When my mother died I inherited some money from her life insurance policy. Most of it went directly toward retirement but there were two small extravagances I indulged in and about which my mother would’ve wholeheartedly approved: I bought my first couch after 25 years of sitting on a futon, and we hired once-a-month housecleaning help.
My mother kept an immaculate home. You could have eaten a meal off her garage floor. (more…)
There’s an old Taoist story about a farmer whose horse ran away. His neighbors on hearing this came to him and said, sympathetically, “Such bad luck!”
“We’ll see,” the farmer replied.
The next day the horse returned, bringing with it three other wild horses. “So wonderful!” the neighbors exclaimed.
“We’ll see,” the farmer said.
Then the farmer’s son tried to ride one of the untamed horses, was thrown off, and broke his leg. The neighbors offered their sympathy for his misfortune. (more…)
Yesterday, watching dozens of bundled children careen down the sledding hill toward the creek, I had a pure Minnesota Moment. Big, heavy flakes filled the air; the kids were exuberant, flying over the jump, then trudging back up through deep powder; every so often some fat tire bikers passed by over the frozen creek bed; I felt how fortunate we all were to have hefty snowsuits, parents included, and wool socks and the fortitude to be glorying outdoors.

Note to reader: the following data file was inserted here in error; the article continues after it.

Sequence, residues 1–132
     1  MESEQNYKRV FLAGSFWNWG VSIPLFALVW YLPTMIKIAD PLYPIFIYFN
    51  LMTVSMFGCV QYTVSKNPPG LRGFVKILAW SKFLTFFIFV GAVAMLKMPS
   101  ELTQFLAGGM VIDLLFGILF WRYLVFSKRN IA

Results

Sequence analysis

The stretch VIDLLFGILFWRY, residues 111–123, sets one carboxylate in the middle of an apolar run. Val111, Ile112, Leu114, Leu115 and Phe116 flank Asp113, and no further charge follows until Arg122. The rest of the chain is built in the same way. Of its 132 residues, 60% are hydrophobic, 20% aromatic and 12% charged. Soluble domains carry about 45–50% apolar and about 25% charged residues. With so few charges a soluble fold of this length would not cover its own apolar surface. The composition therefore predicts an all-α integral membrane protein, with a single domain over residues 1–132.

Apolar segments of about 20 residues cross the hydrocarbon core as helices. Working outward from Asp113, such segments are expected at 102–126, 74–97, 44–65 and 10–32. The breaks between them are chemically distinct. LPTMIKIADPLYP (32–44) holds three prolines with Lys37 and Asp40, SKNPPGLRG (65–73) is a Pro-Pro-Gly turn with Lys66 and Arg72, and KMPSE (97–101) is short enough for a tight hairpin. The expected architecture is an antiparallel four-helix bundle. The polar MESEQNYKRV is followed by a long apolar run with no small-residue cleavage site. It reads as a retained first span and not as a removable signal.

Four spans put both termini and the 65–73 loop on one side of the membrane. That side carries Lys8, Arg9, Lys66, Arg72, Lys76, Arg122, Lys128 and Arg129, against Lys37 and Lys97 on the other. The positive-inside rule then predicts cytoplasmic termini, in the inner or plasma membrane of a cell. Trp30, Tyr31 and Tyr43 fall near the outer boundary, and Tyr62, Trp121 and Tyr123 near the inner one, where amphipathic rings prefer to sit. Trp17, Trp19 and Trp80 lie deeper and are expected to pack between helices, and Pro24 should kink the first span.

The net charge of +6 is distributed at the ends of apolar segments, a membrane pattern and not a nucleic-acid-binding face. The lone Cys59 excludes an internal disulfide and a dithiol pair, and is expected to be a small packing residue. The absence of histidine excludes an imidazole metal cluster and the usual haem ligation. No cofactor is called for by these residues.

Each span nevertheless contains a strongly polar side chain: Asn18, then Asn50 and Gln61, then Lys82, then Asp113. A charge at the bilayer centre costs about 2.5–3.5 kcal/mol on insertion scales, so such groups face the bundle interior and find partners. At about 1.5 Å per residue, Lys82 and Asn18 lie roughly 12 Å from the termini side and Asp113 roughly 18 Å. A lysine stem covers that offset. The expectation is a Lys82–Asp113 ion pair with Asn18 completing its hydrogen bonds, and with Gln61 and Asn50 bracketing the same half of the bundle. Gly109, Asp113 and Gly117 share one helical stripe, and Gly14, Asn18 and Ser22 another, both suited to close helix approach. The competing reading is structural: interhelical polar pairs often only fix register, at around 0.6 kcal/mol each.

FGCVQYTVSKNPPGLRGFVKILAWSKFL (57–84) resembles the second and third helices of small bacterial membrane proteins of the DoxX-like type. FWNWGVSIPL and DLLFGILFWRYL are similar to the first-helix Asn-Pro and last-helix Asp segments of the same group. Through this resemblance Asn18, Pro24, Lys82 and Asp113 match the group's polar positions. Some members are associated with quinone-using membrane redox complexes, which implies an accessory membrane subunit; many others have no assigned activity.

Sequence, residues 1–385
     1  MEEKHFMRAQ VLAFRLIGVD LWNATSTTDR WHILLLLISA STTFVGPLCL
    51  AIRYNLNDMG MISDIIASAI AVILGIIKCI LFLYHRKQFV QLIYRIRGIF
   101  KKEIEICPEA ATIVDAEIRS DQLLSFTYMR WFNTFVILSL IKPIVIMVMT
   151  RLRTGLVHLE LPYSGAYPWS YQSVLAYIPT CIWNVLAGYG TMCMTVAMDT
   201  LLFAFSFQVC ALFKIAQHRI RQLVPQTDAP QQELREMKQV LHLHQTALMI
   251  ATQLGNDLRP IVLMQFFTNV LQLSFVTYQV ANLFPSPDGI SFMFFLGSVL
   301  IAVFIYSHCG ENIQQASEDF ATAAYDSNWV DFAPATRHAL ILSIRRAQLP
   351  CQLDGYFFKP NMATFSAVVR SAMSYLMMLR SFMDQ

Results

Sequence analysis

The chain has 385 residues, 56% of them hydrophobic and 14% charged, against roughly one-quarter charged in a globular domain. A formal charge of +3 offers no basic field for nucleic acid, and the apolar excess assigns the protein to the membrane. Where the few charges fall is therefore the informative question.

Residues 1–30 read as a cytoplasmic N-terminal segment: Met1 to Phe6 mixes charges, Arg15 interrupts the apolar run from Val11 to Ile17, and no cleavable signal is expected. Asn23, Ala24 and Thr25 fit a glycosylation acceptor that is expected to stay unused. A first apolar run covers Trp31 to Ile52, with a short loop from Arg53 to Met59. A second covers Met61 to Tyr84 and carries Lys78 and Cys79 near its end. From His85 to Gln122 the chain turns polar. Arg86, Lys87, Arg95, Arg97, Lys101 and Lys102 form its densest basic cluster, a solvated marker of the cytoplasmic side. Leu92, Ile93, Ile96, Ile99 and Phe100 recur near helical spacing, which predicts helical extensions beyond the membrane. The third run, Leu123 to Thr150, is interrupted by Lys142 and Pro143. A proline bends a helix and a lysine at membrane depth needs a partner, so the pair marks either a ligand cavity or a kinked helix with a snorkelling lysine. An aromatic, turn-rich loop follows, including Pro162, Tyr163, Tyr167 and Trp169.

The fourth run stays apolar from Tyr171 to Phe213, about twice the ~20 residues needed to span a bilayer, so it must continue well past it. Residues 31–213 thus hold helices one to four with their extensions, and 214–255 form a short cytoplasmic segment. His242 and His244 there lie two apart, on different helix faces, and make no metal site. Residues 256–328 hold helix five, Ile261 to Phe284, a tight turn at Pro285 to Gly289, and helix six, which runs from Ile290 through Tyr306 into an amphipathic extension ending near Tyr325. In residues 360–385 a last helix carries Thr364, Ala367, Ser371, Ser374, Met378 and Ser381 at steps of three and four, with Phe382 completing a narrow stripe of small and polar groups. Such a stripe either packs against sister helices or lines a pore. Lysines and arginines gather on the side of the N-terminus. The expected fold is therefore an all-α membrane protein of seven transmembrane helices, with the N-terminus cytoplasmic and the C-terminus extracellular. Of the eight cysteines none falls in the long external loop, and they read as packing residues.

Eleven degrees and a snowstorm seem balmy only after a stretch of truly hard cold. (more…)
One of the hardest things about creative writing, as far as I’m concerned, is the pervasive sense of getting nowhere. Sure, I might have a productive morning and crank out a few thousand words, but tomorrow I’ll cut half of them, and even if I don’t I’ll likely wait years before those words see the light of day. If I see them in print I’ll do a little jig. But I’ve published enough to know that publishing isn’t ultimately satisfying. What does satisfy is the creative journey itself and any journey my writing gives readers—but even this I rarely see. (more…)
Recently a friend who is going through a prolonged stretch of care-giving asked me how I understood the tag line at the end of my email. For years this quotation has traveled with me, guiding my work and ending my every correspondence:
Aliveness springs from our making something of what we experience and receiving what experience makes of us. –Ann Belford Ulanov